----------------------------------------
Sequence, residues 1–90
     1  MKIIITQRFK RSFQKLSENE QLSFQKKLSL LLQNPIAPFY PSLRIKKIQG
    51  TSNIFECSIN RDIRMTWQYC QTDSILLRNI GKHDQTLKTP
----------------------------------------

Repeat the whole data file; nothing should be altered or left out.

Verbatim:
Sequence, residues 1–90
     1  MKIIITQRFK RSFQKLSENE QLSFQKKLSL LLQNPIAPFY PSLRIKKIQG
    51  TSNIFECSIN RDIRMTWQYC QTDSILLRNI GKHDQTLKTP